don’t fare well for search engines. I have found out recently just how much good URL’s help, it’s amazing really. Also on that same page I guess there must be a CMS involved where church members/workers can edit the pages, because there is no way a graphic designer chose those colors.
    Average church standards, not bad. Web design standards from a ‘company’ that does this for a living, terrible.

     | Permalink
  • Steve
    November 2, 2005

    Just a note… the Know Him / Make Him Known line is not new. The Navigators have used that for years, as have others. But it’s a good one, so I’ll let it slide :)
    Generally, I thought the site was ok. I like that everything was consistent. Like someone else pointed out, I don’t mind that the youth minstry has a slightly different look, although the highlighting doesn’t work for me.
    On my church’s site, we give the youth ministry it’s own look, nothing like the main church site. In our case, it works well. Most of our youth don’t go to our church on Sundays, so it’s already seen as its own thing.
    All in all, it’s clean and easy to navigate, so I’ll give it props for that.

     | Permalink
  • Steve Odom
    November 3, 2005

    Dear Friends, Many thanks for taking the time to not only go to the site but to give my your valuable comments! I’ve already started working on some of the issues you’ve highlighted for us, including the “highlighting” issue! I don’t understand some of the technical comments, CSS, etc. but I’ve passed some of them on to NetMinistry for their edification. Would love to hear more after a few days. Gratefully, Steve Odom

     | Permalink
  • Jose Gomez
    November 30, 2005

    WOW – I am absolutely shocked at the tone in this review. I am the developer responsible for NetMinistry, so I thought I’d share a few thoughts for consideration.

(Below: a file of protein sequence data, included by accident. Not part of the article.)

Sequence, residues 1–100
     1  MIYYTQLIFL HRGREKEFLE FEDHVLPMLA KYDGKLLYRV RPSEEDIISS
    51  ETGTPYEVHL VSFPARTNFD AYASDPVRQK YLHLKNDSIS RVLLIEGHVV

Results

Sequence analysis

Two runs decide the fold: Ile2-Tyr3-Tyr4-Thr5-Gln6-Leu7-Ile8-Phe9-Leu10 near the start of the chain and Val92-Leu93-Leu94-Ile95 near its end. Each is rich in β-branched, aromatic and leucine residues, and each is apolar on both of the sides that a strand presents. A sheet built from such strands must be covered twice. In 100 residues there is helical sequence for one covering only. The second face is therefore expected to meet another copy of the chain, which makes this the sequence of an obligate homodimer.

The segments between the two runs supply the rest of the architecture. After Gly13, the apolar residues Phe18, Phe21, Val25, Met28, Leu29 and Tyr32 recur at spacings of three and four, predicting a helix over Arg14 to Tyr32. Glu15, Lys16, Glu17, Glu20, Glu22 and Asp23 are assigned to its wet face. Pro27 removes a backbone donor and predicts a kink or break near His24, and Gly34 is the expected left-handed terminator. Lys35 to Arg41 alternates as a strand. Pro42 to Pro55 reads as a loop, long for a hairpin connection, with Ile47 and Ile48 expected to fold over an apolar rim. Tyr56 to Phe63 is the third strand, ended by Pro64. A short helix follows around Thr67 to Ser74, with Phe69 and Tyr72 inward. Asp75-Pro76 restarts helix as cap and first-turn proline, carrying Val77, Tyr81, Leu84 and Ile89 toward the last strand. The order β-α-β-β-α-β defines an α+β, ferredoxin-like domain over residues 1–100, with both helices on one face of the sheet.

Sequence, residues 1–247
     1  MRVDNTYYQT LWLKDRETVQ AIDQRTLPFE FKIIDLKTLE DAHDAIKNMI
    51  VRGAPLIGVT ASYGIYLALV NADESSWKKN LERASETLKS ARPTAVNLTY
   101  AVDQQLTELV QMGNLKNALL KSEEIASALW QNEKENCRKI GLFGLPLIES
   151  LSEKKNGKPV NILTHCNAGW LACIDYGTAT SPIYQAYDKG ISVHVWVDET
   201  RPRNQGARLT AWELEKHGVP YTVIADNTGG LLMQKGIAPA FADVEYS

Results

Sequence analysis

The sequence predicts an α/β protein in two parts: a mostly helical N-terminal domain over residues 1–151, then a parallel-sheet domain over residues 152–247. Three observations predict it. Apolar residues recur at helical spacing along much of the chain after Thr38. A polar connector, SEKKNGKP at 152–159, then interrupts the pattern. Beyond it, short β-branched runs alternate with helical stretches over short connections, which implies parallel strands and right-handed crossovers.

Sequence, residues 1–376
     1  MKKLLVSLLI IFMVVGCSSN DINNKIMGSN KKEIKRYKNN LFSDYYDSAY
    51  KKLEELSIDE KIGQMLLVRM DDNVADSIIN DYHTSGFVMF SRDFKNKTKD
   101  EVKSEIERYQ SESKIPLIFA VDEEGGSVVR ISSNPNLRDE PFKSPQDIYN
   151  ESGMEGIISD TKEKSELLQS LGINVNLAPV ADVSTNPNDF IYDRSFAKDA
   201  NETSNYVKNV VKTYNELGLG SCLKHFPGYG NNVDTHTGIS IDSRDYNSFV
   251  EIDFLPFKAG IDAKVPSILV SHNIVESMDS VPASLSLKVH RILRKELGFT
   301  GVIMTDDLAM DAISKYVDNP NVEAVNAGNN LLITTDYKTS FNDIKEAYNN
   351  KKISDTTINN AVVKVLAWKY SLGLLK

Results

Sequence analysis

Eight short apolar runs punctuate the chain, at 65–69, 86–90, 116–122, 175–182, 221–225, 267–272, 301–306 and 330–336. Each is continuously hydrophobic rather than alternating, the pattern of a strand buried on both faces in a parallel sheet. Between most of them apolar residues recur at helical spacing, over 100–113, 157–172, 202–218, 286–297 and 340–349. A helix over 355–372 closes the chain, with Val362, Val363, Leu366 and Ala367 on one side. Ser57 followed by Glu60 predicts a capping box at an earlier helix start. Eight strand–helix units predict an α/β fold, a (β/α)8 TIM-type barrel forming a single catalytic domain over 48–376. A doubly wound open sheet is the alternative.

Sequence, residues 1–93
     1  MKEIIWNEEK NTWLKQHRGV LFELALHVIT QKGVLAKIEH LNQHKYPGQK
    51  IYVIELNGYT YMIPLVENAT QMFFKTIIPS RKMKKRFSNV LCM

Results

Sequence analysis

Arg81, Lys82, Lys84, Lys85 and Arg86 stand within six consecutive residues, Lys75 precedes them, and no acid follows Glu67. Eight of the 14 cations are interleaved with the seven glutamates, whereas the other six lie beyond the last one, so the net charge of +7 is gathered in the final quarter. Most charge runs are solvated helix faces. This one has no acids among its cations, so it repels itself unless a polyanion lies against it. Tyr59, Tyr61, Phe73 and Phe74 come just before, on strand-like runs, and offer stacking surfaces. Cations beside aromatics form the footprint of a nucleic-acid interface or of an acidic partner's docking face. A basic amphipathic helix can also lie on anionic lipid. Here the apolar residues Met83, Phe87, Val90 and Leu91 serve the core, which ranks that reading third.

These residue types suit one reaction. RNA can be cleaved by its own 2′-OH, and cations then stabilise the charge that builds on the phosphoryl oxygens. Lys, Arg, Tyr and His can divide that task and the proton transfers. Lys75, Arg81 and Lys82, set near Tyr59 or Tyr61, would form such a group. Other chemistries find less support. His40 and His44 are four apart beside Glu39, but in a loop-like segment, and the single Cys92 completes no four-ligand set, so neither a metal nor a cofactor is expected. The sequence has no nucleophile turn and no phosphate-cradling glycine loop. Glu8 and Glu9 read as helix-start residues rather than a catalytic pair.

NetMinistry is a platform that has existed since the late 90s. Yes – there are many compliance upgrades that can be done. But, as a professional in the web industry for over a decade, I am not sure I agree with the drastic nature of the feedback provided here.
    Tables and javascripting are NOT obsolete technologies. They are fully functional technologies implemented on the majority of sites on the web. The newer standards are obviously something that everyone must move to – but when you have an entire platform to modify, you have to take your time to do things right. This is in the works.
    We don’t specify a DOCTYPE because of the fact that we have many newbie coders that use our system. We wanted things to be flexible enough for them to use.
    I think everyone here has missed the point of using a CMS like ours – the true value is in the FUNCTIONALITY. The absolutely sites render correctly with over 90% of the visitors that visit these websites, with minor problems for the less that 10% that don’t render perfectly. But, the organization using our system are able to enjoy the benefits of having a completely database-driven system for content management, relationships management, and e-commerce management. For less that $500, they get all the tools and some great design work.
    I think that we all need to reconsider what we are suggesting here. The site itself can be inproved greatly by the user or a hired layout artist. But, to critique the platform in such an elitist way just isn’t fair.
    We’ve built over 1,500 sites and have processed over $1M in transactions for our members. The that has to say SOMETHING about the platform.
    It’s not about snooty cutting-edge standards – it’s about results. increased donation, purchases, name aquisition, new visitors, etc. Isn’t it?

     | Permalink
  • Brad Hill
    January 9, 2006

    Jose– I agree with your response. I’d rather see folks stick to constructive design critiques, rather than continually bash the finer points that only a code geek would appreciate.
    I wholeheartedly support the idea of excellence in design–we preach this incessantly at our firm–but as you say, you must balance this with functionality and results. It’s disappointing to see people out there doing the armchair quarterback routine, and decreeing that all non-CSS sites are evil, Firefox is the only True Browser, etc.
    How about creating compelling, attractive, relevant sites that are easy to use and effective for their stated purpose? That’s what I care about.

     | Permalink
  • Rick Thorne
    June 2, 2007


     | Permalink

Peer Review